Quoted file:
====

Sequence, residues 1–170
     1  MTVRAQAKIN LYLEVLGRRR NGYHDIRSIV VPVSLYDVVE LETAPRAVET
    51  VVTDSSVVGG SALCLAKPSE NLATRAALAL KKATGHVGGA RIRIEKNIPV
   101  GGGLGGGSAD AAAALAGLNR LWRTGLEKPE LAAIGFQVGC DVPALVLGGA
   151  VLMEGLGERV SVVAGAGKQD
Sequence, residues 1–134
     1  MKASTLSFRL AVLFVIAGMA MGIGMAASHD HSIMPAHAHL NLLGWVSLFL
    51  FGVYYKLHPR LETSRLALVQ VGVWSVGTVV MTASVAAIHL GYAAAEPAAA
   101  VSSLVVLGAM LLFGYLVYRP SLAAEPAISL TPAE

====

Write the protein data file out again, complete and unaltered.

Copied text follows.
Sequence, residues 1–170
     1  MTVRAQAKIN LYLEVLGRRR NGYHDIRSIV VPVSLYDVVE LETAPRAVET
    51  VVTDSSVVGG SALCLAKPSE NLATRAALAL KKATGHVGGA RIRIEKNIPV
   101  GGGLGGGSAD AAAALAGLNR LWRTGLEKPE LAAIGFQVGC DVPALVLGGA
   151  VLMEGLGERV SVVAGAGKQD
Sequence, residues 1–134
     1  MKASTLSFRL AVLFVIAGMA MGIGMAASHD HSIMPAHAHL NLLGWVSLFL
    51  FGVYYKLHPR LETSRLALVQ VGVWSVGTVV MTASVAAIHL GYAAAEPAAA
   101  VSSLVVLGAM LLFGYLVYRP SLAAEPAISL TPAE